Sex Education and Social Media


young adolescent girl scrolling through social media on her phone

More than half of the United States lacks comprehensive sexual health education in public schools, leaving young people ill-prepared to foster healthy relationships. Social media and other digital platforms might provide an effective, yet imperfect, educational supplement.

Comprehensive sexual education covers many topics including sexual orientation, contraception, and prevention of HIV and other sexually transmitted infections. The curriculum can empower and equip young people to make healthy, informed decisions.

At the federal level, the United States does not mandate sexual health education. Schools that do teach it are not required by federal law to follow a standard, medically accurate curriculum. This shifts the decision-making to state and local leaders on what to teach, if anything, and allows parents to remove their children from classrooms if they do not agree with the course content.

Most youth are not receiving formal sexual health education, but they are exposed to sexual content on social media.


At present, 15 states do not require sexual health education at all and many others teach abstinence only. Very few states require comprehensive sex education in public schools, though, Massachusetts is in the process of joining this list by updating their sex education guidelines.

Social Media and Sexual Health Benefits

Most youth are not receiving formal sexual health education, but they are exposed to sexual content on social media. While some content can certainly be a negative influence, social media answers questions that many school-based curriculums fail to answer. A growing body of research already shows that social media can be an effective way to educate young people about sexual health.

For example, Twitter can address sex myths and promote healthy sexuality with its uncensored content. Young people learning about sex on Twitter report an increase in condom use and knowledge of HIV and other sexually transmitted infection risk factors.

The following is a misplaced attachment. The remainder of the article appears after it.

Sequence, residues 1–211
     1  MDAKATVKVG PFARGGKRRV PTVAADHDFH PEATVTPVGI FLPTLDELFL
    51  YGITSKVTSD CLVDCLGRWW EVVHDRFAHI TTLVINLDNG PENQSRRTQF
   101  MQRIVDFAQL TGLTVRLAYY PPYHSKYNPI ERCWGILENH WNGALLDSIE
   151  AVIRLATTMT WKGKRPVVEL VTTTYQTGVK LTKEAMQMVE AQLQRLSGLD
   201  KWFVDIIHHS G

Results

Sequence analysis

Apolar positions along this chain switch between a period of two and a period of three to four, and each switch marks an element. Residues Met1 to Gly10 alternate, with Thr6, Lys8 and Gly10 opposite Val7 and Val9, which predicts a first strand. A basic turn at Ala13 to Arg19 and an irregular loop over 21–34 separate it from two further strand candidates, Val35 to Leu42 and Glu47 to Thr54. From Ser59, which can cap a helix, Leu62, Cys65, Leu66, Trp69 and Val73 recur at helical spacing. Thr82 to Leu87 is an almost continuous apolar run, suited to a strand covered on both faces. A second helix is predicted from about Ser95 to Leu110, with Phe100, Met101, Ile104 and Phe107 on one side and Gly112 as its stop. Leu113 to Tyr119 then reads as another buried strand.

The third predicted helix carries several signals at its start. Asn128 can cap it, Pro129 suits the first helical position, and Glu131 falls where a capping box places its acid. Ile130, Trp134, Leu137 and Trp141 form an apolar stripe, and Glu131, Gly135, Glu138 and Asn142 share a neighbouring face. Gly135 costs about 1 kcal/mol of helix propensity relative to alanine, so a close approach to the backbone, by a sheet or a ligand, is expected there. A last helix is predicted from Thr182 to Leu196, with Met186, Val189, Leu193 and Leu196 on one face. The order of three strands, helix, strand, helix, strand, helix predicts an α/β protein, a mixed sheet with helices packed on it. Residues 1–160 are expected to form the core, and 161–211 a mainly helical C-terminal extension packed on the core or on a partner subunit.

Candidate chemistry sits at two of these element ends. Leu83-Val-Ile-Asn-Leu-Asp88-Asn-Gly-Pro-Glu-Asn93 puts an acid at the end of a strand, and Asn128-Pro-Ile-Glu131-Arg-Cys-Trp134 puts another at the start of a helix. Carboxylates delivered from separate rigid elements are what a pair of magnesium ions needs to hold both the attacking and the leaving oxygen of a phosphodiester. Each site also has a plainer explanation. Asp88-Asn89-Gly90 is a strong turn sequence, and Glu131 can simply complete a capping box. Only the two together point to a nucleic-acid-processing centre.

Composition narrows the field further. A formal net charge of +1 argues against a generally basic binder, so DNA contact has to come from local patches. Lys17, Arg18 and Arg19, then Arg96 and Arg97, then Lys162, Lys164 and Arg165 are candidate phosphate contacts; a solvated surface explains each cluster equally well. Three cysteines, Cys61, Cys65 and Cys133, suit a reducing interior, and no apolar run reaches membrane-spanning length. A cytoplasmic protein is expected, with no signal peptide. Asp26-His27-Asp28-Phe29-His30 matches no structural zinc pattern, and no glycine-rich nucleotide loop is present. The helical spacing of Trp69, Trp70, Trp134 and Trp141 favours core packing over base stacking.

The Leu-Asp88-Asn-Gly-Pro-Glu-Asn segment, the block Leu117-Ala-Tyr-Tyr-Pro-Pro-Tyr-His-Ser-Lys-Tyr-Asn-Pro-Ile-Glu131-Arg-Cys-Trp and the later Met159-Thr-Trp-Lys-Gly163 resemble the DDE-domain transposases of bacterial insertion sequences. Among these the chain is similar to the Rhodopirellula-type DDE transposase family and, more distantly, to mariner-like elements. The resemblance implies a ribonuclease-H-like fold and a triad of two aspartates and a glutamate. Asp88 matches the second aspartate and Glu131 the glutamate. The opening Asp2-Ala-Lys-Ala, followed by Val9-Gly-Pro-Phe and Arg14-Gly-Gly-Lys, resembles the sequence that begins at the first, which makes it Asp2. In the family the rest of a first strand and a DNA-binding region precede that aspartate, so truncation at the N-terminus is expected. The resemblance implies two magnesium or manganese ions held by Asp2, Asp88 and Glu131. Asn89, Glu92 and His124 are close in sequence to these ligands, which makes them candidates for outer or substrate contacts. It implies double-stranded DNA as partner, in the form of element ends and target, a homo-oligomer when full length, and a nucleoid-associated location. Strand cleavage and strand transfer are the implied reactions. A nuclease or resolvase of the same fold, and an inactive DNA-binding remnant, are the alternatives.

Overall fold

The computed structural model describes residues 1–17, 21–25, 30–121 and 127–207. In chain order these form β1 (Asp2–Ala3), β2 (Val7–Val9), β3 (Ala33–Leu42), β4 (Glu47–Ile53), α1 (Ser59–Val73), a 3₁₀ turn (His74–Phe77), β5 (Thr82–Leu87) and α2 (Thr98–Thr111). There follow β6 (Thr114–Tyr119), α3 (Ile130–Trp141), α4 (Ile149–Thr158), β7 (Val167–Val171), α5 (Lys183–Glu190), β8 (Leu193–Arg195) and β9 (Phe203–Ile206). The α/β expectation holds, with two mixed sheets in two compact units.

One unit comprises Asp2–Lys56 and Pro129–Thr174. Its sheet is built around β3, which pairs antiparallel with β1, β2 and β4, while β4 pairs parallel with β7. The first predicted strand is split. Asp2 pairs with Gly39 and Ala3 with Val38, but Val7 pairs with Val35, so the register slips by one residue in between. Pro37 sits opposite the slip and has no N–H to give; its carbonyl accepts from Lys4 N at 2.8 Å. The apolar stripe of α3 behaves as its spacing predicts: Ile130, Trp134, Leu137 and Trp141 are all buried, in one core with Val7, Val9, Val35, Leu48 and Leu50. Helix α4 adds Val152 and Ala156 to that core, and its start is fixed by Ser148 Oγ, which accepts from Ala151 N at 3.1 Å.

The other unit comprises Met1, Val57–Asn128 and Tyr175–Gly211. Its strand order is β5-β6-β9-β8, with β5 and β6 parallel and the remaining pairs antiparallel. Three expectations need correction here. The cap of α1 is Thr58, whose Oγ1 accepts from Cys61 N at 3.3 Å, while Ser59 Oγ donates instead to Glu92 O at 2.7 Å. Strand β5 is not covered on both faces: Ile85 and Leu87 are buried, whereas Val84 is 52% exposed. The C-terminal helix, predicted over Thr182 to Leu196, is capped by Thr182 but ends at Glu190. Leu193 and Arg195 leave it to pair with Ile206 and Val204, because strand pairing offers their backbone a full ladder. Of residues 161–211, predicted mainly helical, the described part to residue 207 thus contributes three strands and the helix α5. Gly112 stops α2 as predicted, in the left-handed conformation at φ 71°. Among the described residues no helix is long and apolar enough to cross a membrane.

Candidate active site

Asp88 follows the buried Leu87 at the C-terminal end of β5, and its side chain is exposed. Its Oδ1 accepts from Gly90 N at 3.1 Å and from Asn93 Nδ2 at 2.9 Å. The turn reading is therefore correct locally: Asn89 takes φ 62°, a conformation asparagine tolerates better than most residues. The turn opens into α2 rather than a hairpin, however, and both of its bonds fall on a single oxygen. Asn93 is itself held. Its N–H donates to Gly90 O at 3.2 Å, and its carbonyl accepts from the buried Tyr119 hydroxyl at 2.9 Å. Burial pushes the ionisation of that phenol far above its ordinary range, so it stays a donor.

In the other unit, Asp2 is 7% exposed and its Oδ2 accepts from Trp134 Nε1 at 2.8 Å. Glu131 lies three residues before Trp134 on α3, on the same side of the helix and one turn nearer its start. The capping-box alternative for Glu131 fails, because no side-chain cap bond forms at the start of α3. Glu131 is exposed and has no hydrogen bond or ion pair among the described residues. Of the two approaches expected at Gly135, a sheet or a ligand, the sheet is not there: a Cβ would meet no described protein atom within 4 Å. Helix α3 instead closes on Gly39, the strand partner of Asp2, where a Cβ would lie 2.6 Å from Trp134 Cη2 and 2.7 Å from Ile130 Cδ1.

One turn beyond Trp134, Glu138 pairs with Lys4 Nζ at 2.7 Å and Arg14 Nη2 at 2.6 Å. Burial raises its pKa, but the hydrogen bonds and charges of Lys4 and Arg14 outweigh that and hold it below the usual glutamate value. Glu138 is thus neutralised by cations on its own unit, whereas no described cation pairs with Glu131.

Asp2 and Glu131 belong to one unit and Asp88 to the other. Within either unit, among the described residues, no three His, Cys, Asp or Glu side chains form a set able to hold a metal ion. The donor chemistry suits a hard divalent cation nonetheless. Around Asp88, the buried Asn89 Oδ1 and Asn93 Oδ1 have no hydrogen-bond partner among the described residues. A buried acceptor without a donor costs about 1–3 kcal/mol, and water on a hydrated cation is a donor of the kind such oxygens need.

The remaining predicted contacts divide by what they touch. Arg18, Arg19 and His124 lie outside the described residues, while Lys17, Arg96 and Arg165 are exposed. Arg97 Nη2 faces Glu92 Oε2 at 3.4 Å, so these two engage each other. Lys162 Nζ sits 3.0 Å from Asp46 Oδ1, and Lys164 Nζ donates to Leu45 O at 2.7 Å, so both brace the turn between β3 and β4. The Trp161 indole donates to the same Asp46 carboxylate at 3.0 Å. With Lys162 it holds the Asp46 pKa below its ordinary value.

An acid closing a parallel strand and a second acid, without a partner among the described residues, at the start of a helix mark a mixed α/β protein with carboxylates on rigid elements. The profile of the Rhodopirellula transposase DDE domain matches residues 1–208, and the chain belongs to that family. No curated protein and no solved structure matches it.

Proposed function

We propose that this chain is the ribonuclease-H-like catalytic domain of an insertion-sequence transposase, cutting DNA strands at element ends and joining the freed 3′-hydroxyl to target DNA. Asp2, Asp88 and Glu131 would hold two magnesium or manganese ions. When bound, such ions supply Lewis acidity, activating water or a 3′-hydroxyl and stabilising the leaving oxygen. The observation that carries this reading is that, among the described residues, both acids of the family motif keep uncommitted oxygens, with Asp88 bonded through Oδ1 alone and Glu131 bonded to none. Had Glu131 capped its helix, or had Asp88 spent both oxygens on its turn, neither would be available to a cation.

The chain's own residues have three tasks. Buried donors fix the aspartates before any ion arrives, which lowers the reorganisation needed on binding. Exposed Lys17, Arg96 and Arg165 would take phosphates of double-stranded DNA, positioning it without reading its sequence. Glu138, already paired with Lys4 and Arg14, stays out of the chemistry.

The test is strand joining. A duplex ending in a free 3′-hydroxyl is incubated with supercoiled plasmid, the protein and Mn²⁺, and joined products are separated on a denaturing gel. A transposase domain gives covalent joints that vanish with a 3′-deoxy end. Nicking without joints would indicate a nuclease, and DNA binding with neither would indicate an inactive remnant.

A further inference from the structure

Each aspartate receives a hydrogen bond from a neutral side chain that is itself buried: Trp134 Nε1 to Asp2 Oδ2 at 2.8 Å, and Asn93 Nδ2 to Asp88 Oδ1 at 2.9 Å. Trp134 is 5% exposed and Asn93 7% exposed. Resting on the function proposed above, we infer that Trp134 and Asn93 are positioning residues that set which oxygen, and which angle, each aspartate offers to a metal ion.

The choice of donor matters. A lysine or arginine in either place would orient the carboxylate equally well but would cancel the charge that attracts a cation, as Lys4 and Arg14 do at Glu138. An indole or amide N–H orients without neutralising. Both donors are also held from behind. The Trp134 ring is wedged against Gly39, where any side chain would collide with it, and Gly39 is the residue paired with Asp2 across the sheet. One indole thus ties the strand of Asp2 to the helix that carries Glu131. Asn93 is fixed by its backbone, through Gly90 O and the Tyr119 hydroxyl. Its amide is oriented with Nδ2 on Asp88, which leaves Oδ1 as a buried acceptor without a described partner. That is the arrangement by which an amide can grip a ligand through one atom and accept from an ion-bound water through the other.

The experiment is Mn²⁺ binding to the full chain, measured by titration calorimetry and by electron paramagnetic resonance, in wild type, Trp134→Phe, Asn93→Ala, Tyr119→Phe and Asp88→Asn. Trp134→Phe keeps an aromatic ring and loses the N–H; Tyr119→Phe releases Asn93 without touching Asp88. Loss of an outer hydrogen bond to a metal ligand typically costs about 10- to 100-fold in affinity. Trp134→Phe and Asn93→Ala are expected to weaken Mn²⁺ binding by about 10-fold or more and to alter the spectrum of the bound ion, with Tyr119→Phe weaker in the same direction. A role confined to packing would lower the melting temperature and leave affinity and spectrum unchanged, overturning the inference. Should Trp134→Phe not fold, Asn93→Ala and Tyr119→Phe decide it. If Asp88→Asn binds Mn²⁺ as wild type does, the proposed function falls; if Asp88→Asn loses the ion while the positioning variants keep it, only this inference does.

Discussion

Education on Facebook can also improve condom use and has increased HIV testing, specifically among Black men who have sex with men.

Some obstetrics and gynecology doctors use TikTok to engage youth with medically accurate sexual health information. This platform allows users the space to create content that is inclusive and accessible to marginalized populations, like LGBTQ+ youth, who traditionally have trouble finding community and support in the classroom.

Further, studies show that apps and other web-based programs, such as Girl Talk, Health-E You, and Media Aware, improve the average baseline of participants’ sexual health knowledge and expand contraceptive use. These programs offer young people an opportunity to learn about sexual health in a private environment that can be more comfortable than in-person learning.


The benefits of disseminating sexual health education through a digital landscape are promising, but several challenges should be considered.

Regulating the accuracy of sexual health content on social media can be tricky. It is far too easy to find misinformation online when relaxed community guidelines and terms of service policies are commonplace. For instance, many viral videos aren’t fact-checked.

Discrimination and triggering topics can arise with digital sexual health education, as well. While Instagram and TikTok clearly ban hate speech in videos, discriminatory and threatening user comments still persist. Sensitive content may also be viewed by users accidentally since no social media platform mandates the use of trigger warnings (e.g., sexual assault, domestic violence).

Tech issues remain a challenge, even for the World Health Organization. The WHO ran into a few errors while implementing a text message platform on sexual health education. Twenty-two percent of respondents ignored their automated texts, assuming they were spam, and another 20% couldn’t figure out how to start the education program after signing up.

To mitigate these risks, organizations and health care professionals who create sexual health content should have professional and interpersonal credibility online. One way to minimize potential mistrust is to consistently deliver information that is positive, relatable, and user-friendly. For client-based digital services, giving participants clear directions from the start and assessing program effectiveness afterward is necessary for success.

Many countries, like Sweden and the Netherlands, have policies in place to promote comprehensive sexual health education. The United States should follow their example. In the meantime, social media and other client-based digital services offer a promising stand-in (or supplement) for sharing accurate sexual health information. As social media platforms evolve, like Instagram’s new text-based app “Threads,” research will need to keep pace with the changes to continue monitoring new trends, successes, and challenges in digital sexual health education.

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